Taking the time to stop

      2 Comments on Taking the time to stop

Winter has been something of a surprise. It’s been astonishingly rainy, but not that cold. The surprising bit, though, has been how little cycling I’ve done. My first cold in several years has been the main culprit, but also a general disinclination.

Normandy can be grey. Lowering skies and low light levels persuade you that being out on the roads won’t be much fun. For a start, there’s nothing to see, right?

A couple of weeks ago I finally succumbed to cabin fever. And the only cure was to get on the bike. I wrapped up warm – too warm, actually – and headed out. It was just a local ride and I had no idea where I was going. I just took turns at random.

It was mostly familiar territory. But I was struck, once again, by how the roads you’ve travelled dozens of times and the landscapes you’ve glimpsed repeatedly through the window of the car, become foreign and new when you move in the open at bike speed.

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Somehow, the roads seemed to keep taking me back towards home. Having been off the bike for at least a couple of weeks, I thought I’d tire quickly, but the brisk air was like a tonic. So, at each junction I’d turn away, defying the gravitational pull of home, knowing I could always crank up the assist when I got exhausted and cruise back.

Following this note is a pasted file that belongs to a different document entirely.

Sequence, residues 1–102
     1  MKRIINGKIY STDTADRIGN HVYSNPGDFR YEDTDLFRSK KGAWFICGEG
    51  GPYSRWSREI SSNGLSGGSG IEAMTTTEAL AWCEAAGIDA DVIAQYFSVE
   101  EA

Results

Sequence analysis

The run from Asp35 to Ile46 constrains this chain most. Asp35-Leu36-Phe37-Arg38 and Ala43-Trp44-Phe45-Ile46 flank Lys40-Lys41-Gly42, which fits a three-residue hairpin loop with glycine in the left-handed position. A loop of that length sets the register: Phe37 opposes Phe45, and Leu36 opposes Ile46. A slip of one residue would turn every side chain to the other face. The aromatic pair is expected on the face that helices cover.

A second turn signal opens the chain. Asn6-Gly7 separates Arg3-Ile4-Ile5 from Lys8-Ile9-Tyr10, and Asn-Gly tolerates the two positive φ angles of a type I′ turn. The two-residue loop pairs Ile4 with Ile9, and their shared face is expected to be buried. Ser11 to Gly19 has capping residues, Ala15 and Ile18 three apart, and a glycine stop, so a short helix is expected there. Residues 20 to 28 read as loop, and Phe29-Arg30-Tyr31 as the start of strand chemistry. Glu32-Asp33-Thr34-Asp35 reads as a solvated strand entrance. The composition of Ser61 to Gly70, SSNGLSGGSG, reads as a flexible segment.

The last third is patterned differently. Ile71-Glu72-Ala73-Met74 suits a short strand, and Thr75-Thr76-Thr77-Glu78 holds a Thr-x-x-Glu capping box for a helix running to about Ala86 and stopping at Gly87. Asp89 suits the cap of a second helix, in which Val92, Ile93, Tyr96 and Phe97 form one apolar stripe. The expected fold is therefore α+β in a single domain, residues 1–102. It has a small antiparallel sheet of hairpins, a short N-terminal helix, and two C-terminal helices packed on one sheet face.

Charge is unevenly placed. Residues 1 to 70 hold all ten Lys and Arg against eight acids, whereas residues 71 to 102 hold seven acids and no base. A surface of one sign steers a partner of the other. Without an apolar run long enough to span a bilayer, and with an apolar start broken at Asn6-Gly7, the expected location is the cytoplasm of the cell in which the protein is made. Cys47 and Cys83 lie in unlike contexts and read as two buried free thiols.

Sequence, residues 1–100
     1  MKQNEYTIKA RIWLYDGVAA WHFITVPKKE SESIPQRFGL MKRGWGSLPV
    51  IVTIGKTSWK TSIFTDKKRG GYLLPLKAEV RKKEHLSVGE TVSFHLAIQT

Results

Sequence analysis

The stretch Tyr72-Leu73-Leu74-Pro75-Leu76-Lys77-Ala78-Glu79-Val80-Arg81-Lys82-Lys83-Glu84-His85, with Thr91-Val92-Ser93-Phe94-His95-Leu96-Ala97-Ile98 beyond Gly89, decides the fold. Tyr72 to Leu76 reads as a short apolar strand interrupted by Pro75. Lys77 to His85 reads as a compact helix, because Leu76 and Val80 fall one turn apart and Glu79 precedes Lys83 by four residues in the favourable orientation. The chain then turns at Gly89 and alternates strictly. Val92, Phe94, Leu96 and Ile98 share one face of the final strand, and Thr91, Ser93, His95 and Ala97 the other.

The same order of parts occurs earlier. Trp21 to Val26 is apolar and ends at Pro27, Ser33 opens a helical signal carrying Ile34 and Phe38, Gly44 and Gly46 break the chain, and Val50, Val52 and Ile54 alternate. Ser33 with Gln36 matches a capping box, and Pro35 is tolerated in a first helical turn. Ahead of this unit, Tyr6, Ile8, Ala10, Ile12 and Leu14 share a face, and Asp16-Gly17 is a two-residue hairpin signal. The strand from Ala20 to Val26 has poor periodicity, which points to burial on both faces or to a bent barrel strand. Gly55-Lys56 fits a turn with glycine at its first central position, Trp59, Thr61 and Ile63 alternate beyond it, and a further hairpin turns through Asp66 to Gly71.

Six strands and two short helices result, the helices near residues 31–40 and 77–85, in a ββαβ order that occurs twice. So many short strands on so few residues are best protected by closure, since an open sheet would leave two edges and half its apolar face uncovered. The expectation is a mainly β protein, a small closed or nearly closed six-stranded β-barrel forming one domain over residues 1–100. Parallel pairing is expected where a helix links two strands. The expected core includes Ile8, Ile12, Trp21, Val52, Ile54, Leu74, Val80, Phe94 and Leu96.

On one road – the one we take to the local shops at least once a week – I finally took the time to take a peek at a derelict cottage that I’ve been meaning to photograph for … well, for years. One of the best things about cycling, for me, is how easy it is to stop and take photographs. Or even just look. In a car, there’s always the complicating factor of having to park safely. And you usually overshoot, with the consequent inclination to just carry on and ignore whatever it was that attracted your eye. On a bike, you never have to do that.

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On a bike, there’s also plenty of time to look up at the skies. I mean, the Orne isn’t Montana, exactly, but the skies can seem pretty big here.

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Eventually, and almost against my will, I found myself at the junction with the road to our house. I’d only done 16km and it didn’t feel enough. So I ignored the turning and pushed on, down through the village and ‘around the block’, the long way to the house. (Trish later told me she often does the same thing.)

It was a 20km ride, but I got home feeling ready to do it again. And the day didn’t feel nearly so grey anymore.

 

2 thoughts on “Taking the time to stop

  1. maylin

    You sound astonishingly healthy! 20Km seems like at least a day’s ride to me. Those skies do look great 🙂

    Reply

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